was once a major player in European politics. The Republic of
Genoa called itself the “Republica Superba,” or Proud
Republic. What’s ironic is that Genoa’s favorite son,
Christopher Columbus, was born here, but it was in large part
due to his discovery of alternate trade routes that his
hometown’s influence and power began to dwindle.
Today, Genoa remains Italy’s main port
city for commerce and industry. Many of the 820,000 residents
of the city make their livelihood from the sea, mainly through
shipping. But the Genovese economy has expanded, with bustling
banking, electronics, and communications companies finding
Genoa has suffered in recent years, with
little to attract an expanding Italian tourism business. Most
travelers bypass Genoa in favor of Florence, Rome, and Venice,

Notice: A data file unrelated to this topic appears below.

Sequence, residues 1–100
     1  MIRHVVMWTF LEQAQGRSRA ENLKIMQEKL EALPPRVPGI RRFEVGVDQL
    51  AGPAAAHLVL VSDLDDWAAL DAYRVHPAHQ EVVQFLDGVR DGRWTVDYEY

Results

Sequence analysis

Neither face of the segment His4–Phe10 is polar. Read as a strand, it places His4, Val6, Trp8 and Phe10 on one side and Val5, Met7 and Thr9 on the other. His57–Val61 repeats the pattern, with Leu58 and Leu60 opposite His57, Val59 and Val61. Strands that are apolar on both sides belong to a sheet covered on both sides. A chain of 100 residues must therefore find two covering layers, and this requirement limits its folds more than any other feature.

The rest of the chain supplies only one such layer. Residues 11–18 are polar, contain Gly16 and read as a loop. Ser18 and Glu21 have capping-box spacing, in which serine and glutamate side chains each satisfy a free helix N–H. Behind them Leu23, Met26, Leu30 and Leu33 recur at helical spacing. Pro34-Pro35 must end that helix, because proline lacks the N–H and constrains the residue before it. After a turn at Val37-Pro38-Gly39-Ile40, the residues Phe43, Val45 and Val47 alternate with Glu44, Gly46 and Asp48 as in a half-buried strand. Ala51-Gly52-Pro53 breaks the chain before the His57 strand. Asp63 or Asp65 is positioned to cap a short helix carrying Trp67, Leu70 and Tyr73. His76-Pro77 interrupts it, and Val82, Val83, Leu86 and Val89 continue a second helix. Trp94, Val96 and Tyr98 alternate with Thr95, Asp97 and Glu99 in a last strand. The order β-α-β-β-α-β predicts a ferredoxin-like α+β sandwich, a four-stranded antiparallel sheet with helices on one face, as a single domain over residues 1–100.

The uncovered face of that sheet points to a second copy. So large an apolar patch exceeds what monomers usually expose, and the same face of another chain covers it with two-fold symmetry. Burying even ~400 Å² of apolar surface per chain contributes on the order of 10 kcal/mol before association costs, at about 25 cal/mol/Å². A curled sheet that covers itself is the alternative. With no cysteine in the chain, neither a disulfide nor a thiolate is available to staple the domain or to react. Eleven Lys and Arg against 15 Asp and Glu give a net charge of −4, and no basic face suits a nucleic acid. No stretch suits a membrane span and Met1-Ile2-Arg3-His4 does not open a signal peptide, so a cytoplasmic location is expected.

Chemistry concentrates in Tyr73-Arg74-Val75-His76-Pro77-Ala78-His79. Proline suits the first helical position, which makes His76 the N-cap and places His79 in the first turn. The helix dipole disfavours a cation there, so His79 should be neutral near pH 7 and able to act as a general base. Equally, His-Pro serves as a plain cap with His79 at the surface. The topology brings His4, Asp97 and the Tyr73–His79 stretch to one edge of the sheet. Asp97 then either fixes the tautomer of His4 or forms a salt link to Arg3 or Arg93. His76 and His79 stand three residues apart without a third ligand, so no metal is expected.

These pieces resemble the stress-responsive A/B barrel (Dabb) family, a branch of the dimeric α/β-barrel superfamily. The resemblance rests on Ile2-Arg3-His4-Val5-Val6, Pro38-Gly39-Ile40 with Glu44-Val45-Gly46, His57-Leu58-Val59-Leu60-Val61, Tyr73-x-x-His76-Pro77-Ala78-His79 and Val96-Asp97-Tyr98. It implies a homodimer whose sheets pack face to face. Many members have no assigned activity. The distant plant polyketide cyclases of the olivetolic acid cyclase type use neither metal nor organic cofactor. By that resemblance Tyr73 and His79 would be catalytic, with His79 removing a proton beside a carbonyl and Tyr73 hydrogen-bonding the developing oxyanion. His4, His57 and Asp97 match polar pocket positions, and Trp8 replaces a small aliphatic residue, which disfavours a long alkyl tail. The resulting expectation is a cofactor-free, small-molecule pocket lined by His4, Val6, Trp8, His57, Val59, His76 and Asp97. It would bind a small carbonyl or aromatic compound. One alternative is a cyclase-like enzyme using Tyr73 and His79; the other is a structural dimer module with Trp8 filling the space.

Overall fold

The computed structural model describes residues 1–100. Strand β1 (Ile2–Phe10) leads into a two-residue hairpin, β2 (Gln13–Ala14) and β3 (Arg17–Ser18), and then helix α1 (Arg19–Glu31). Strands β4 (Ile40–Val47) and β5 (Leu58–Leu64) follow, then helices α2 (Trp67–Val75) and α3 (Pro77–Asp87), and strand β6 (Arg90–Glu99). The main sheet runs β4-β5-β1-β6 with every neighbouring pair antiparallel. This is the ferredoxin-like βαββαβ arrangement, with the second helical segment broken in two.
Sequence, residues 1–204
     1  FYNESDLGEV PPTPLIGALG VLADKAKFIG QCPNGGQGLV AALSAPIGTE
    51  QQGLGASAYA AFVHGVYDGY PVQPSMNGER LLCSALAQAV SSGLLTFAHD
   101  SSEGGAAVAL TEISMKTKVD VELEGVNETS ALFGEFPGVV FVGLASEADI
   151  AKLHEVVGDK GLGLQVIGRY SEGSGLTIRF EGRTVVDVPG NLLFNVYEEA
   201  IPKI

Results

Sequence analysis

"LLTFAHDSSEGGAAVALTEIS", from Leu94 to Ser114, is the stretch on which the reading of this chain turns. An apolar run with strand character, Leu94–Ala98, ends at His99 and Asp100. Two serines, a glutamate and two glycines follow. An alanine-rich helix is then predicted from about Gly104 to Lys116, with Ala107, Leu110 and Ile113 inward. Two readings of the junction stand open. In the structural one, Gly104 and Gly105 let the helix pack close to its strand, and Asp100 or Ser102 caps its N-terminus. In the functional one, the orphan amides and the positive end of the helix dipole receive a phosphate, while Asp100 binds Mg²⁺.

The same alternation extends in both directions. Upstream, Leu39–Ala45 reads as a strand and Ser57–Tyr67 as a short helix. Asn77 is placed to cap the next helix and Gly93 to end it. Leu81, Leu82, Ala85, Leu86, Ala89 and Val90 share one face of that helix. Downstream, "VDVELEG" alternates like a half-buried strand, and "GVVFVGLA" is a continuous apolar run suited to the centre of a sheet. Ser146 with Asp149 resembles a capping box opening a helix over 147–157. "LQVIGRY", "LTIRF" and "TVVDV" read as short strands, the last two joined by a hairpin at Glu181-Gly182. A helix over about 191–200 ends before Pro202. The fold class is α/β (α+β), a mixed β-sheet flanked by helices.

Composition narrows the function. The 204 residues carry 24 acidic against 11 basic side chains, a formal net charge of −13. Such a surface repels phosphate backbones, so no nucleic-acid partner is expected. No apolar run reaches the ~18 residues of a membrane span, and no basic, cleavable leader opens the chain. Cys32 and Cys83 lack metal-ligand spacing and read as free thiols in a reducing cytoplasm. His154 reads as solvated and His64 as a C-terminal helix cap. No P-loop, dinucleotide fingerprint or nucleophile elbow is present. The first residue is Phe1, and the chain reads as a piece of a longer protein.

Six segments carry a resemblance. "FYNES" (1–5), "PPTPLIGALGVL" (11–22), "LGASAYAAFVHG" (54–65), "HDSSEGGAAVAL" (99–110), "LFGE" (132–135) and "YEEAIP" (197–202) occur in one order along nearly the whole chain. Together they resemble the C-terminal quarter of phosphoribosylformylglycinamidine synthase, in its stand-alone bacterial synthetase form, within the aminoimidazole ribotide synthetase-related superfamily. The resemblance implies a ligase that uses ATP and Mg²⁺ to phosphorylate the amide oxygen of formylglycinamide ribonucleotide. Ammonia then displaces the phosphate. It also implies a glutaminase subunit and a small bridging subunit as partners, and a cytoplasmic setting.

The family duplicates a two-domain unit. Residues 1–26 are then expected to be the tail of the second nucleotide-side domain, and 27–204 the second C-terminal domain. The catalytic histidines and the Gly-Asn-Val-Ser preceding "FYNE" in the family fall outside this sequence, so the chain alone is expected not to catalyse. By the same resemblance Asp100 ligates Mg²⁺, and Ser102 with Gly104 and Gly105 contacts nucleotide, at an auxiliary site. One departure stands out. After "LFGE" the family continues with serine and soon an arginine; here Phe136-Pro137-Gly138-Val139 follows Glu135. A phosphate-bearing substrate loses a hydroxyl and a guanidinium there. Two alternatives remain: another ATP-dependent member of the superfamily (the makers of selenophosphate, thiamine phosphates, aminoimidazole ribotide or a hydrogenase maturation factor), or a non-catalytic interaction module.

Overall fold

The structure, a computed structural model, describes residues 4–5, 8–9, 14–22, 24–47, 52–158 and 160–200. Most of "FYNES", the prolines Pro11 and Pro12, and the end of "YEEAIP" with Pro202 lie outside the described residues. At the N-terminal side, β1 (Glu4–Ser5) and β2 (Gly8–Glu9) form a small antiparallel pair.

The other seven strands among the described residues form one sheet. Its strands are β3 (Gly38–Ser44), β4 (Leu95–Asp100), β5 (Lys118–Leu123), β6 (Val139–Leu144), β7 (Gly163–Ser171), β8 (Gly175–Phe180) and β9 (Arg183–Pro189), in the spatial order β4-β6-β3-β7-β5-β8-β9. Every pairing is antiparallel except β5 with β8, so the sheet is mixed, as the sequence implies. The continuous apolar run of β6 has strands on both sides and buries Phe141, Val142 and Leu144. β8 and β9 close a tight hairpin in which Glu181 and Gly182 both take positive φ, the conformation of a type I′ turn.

or just use Genoa as a transfer point for trips to the Italian
or French Rivieras. The city’s efforts to hold a
quincentennial celebration in honor of Columbus in 1992,
complete with a face-lift of the harbor area, fell apart amid
political infighting and delays. Today, crime and pollution
are bigger problems here than in other Italian cities.
there is plenty to see and do while in Genoa. The small
streets twist and turn through the city, with lots of hidden
restaurants and shops to delight the adventurous traveler.